Today I’m extremely happy to invite Joshua Becker to talk a bit about minimalism. An author, a father and a Christian, Joshua decided to declutter his life a few years ago and focus on what really matters. His wife and him walked the path of minimalism far enough to share their experiences on Becoming Minimalist. In this interview, Joshua explains his choices, and how they could make sense for most of us.
Q: Was there a particular “aha” moment when you knew that you needed to quit the consumerist lifestyle and start simplifying everything? If yes, could you tell us about this godwin point?
A: The moment I knew something had to change involved a Saturday morning while cleaning out my garage. I can remember it quite vividly.
It was a Spring weekend and my family was living in Vermont. My wife and I decided to spend the weekend spring-cleaning the house. I volunteered to clean the garage to enjoy some of the sunshine hoping my son would help. However, my 5-year old had other plans—he wanted to play in the backyard.
As the morning unfolded, my son would run to the front of the house and ask me to play with him. And even as the hours passed, I kept telling him I couldn’t play because I had to clean and organize the stuff in our garage.
My neighbor, who happened to be outside at the time, was watching the interaction between us and the growing frustration on my shoulders. I began commenting to her about the amount of time and energy I had spent cleaning rather than being with my son. She responded by saying, “That’s why my daughter is a minimalist. She keeps telling me I don’t need to own all this stuff.”
I remember looking at the pile of dusty possessions in my driveway and then looking at my son alone in the backyard and realizing for the first time that all the things I own were not adding joy, purpose, or fulfillment into my life. Even worse, they were actually distracting me from the very thing that did bring joy, purpose, and meaning.
We decided right then to remove the excess stuff that we didn’t need so we could have more time and energy and money to focus on the most important things in life.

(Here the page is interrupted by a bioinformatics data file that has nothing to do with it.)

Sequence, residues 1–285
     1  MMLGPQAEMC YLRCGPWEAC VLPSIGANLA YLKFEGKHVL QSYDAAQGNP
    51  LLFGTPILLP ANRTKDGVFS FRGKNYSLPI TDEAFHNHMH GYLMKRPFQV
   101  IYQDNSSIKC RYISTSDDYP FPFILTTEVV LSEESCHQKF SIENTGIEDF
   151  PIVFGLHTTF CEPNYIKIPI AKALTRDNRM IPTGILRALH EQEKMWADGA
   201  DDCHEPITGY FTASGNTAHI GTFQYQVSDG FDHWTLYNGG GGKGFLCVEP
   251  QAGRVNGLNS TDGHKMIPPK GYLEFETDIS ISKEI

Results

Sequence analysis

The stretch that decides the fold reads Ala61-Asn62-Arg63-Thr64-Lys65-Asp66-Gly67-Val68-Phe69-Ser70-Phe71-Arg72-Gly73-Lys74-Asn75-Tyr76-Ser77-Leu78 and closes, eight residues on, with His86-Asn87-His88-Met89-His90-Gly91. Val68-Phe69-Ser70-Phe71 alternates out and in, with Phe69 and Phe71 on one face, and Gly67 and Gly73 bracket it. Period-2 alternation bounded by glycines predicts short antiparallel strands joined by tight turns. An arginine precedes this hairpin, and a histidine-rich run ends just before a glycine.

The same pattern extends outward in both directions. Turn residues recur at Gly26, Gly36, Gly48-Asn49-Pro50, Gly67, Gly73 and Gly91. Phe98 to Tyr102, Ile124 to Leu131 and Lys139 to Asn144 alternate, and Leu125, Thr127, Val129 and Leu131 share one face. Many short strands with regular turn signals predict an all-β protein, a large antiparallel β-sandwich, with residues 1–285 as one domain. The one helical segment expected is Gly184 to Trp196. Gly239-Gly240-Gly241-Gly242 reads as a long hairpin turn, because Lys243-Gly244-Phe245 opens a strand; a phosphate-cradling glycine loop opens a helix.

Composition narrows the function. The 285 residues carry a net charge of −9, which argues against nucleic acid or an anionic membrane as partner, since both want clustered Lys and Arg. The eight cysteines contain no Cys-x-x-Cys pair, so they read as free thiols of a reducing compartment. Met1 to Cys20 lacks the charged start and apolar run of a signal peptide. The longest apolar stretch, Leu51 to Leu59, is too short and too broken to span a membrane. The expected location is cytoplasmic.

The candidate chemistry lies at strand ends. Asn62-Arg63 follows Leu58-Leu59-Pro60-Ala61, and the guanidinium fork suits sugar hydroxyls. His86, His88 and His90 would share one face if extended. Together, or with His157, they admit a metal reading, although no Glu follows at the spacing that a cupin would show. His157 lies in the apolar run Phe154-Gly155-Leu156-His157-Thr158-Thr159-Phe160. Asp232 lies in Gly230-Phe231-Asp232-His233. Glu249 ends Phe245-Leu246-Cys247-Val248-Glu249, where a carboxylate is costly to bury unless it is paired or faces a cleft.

Q: If you were to summarize the benefits of simplicity in a few arguments, what would they be?
A: There are actually quite a number of benefits of owning less stuff—and I don’t think they are difficult for people to comprehend. When we own less, we have more time, more energy, more money, and more freedom. We have less stress, less clutter, and fewer distractions. Ultimately, we have more opportunity to pursue the things in life we are most passionate about. And even though those things will vary from one person to another, they always bring us more joy than owning a bunch of excess stuff.
Q: You’re extremely successful as an author and a blogger. With fame, wealth tends to increase (not a bad thing!), do you catch yourself dreaming of owning more?
A: No, never. I honestly have no desire to return to my old way of living. I am very content with less and would hate to return to a lifestyle of excess. Fortunately, I’m not nearly as famous or wealthy as you imply so the temptation is very little. And I take a very different view of wealth than most people—I think there are some inherent dangers in owning too much and it should not always be considered a good thing to have.
Q: What has been the impact of minimalism on your spirituality?
A: Minimalism has had a significant impact on my spirituality. But at the beginning, my spirituality impacted my minimalism. I grew up as a Christian and spent a number of years working in churches. I understood clearly what Jesus taught about money, possessions, and generosity. My pursuit of minimalism was certainly spurred on my upbringing.